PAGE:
The Leadership Group held its seventh annual Silicon Valley Energy & Sustainability Summit on June 14th at Oracle’s Conference Center in Redwood City, and the theme this year was “Catalyzing Transformational Leadership for Climate Action.” The day-long summit–branded #ESS19–brought together professionals from the private, public, and non-profit sectors to discuss how to more impactfully combat the climate crisis, adapt to the challenges being wrought by a changing climate, and become more resilient in the face of them.
Mike Mielke, Senior Vice President, Environment & Energy at the Leadership Group, kicked off the day by providing context and a case for why the private sector should take on a greater leadership role in responding to climate change. Oracle’s chief sustainability officer Jon Chorley then followed with his own take on how companies are incorporating environmental principles into their work.
The first plenary panel of #ESS19 focused on the state of the corporate sustainability profession, which increasingly helps drive innovation and informs corporate strategy. Moderated by sustainability recruiter Ellen Weinreb, the panel provided insights from Scott Broomfield of Sustainable Brands, Bruce Klafter of Flex, Katie Excoffier of Genentech, and Nicola Acutt of VMware. This panel was followed by a session centered around the latest policy sensation: the Green New Deal.
In a panel titled “Does California Have its Own Green New Deal?”, the discussion focused on how policymakers and business leaders can help ensure a just transition for workers currently employed by companies in the fossil fuel industry. Dan Chia from Tesla described the automaker’s initiatives to train a workforce reflective of California’s, while Kunal Merchant of CalOZ provided insight on how recent federal tax reform can be leveraged to drive investment into opportunity zones (OZs) and advance greater resiliency and sustainability of historically disadvantaged communities in California. Merchant suggested that branding such an initiative as the “Green Marshall Plan” would garner more bipartisan support than the Green New Deal has so far.
A keynote by acclaimed venture capitalist (VC) and former California State Controller Steve Westly later addressed the energy and environment policy landscape and lessons learned from cleantech investment. Mr. Westly asserted that global investment moved into clean energy several years ago, with power generation capacity additions from solar, wind, and other sources set to nearly double by 2030 to 279 Gigawatts (GW), relative to 143 GW in 2013. Electric vehicles are receiving the same sort of broad financial backing, especially with battery costs decreasing at such a quick rate. Another well-known VC, Nancy Pfund, and Mona Tierney-Lloyd of Enel X joined Westly on stage for the first of the summit’s “fireside chats.”
Before lunch, attendees took in one final talk by Patrick Flynn of Salesforce–a TEDx-style presentation on the “third mind” of corporate sustainability that examined how companies can better approach climate change as an issue. One specific suggestion was that companies should consider joining the Step Up coalition of companies–like Slack and HP–led by Salesforce. Among many urgent and hopeful calls to action, Flynn stated “We have a say in determining the future for all life as we know it…We must act fast and we must take big, bold, and scary steps. Moving slowly towards small goals isn’t an option–there will be irreparable damage.”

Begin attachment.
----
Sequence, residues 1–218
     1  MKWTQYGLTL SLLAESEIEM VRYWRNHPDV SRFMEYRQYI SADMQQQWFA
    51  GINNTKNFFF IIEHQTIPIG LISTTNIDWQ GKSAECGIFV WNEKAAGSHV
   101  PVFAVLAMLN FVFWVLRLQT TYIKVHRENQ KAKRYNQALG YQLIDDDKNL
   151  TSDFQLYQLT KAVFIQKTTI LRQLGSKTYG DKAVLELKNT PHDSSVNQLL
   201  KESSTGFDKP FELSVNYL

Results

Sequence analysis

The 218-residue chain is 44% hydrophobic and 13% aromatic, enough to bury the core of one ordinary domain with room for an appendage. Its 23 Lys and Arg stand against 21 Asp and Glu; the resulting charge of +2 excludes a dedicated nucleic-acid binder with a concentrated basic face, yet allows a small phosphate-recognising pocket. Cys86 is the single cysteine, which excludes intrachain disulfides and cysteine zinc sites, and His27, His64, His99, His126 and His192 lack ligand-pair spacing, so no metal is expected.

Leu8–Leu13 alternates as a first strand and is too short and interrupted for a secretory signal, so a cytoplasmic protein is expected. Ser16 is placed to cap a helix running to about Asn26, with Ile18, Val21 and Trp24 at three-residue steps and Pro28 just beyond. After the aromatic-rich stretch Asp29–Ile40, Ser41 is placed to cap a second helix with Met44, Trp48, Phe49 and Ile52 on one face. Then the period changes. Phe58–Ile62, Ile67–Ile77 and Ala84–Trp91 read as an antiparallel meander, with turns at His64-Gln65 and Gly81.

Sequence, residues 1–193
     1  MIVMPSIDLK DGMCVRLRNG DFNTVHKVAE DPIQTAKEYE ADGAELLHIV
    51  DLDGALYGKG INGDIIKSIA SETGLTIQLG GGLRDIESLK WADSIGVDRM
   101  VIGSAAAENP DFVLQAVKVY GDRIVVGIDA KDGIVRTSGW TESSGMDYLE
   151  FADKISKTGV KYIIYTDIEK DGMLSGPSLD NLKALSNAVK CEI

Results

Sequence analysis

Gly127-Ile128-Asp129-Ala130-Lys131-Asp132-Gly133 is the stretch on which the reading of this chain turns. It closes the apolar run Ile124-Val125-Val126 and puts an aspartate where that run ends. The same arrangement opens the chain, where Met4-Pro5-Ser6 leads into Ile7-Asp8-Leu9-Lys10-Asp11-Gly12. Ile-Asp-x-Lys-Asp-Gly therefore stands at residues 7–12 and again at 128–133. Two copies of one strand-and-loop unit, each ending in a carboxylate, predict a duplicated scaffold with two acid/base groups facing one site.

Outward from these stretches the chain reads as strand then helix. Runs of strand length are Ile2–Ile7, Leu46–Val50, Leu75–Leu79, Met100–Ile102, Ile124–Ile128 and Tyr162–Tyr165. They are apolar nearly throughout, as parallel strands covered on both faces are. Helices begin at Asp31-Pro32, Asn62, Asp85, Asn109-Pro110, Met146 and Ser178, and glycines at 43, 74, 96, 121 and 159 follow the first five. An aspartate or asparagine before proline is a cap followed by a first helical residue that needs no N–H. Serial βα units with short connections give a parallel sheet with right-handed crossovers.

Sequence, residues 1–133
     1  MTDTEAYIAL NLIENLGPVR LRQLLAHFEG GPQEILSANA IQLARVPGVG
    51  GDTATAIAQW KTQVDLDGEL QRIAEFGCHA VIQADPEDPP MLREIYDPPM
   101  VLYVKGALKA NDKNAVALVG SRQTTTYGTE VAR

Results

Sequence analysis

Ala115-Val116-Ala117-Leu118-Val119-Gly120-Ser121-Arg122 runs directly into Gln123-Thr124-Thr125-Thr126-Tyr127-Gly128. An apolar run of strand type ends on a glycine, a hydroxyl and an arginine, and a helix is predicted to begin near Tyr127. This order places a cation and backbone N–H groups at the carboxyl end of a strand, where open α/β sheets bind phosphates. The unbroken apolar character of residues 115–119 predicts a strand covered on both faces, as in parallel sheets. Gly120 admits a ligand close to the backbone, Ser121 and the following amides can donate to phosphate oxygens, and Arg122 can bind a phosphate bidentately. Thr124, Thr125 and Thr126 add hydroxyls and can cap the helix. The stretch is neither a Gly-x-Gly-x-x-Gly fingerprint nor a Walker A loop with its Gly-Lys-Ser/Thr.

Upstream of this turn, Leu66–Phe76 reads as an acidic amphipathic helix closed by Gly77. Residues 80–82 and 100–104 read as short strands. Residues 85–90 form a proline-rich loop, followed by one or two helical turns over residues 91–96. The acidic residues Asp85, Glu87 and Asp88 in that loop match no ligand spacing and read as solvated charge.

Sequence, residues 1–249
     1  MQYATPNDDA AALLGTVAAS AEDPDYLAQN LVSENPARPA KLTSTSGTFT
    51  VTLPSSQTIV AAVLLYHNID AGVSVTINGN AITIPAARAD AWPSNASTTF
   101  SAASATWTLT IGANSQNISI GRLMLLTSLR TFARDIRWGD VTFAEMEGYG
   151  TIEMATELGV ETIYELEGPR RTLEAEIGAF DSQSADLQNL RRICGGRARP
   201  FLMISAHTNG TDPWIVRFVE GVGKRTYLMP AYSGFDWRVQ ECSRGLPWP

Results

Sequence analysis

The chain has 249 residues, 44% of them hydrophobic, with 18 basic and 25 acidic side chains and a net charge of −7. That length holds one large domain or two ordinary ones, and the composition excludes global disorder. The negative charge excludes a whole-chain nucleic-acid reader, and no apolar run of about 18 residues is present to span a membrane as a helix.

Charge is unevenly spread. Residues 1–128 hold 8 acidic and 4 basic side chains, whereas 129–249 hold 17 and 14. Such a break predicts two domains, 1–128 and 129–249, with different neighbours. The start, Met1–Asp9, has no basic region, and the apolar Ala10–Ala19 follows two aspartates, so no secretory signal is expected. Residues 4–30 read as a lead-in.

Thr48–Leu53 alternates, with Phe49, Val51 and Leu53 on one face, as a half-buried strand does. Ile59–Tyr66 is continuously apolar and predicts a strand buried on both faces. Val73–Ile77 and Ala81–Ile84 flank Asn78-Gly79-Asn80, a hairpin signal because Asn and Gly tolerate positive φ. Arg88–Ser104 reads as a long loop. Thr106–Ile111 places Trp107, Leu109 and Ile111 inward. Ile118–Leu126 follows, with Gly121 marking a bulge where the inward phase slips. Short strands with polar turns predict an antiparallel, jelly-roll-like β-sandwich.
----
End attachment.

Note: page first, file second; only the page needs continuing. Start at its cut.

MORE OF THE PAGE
After lunch, Mike Mielke moderated the second fireside chat of the day, Advancing Resilience in an Era of Climate Disruption, with two key environmental leaders in California Governor Gavin Newsom’s administration–Wade Crowfoot, Secretary for the state’s Natural Resources Agency, and Kate Gordon, the Governor’s Senior Advisor on Climate and Office of Planning and Research Director. As part of the discussion, Gordon noted that companies face multiple climate risks–from sea level rise to fire zones to intense heat. She stated that asset-level risk analysis is critical in these warming times and that everything depends on where the company and its supply chains are located.
The final portion of the summit day featured two tracks of “breakout” panel sessions: Electrify Everything and Climate Resilience. While one track examined how to decarbonize buildings and transportation systems, the other focused on organizations’ work to better account for and address climate impacts as part of their corporate strategies. The panel sessions–two for each track–drew speakers from notable companies like Uber and Proterra; leading public agencies like the SF Mayor’s Office and SFO; and reputed non-profits such as The Greenlining Institute, SF Estuary Institute, and SPUR.
The sum of the event’s discussions and connections can help move Silicon Valley into an even stronger position of climate leadership. Laura Tam of SPUR emphasized this consensus at #ESS19, stating that everybody knows the climate is changing, and is ready to do something.
The devil of the challenge is in the details. The Leadership Group looks forward to engaging in policy and programmatic work, in partnership with the public and non-profit sectors, through 2019 and beyond to help drive the kind of change needed. Look for another edition of our Energy & Sustainability Summit next year! #ESS20
– Christophe LaBelle, Associate, Environment & Energy, Silicon Valley Leadership Group | July 11, 2019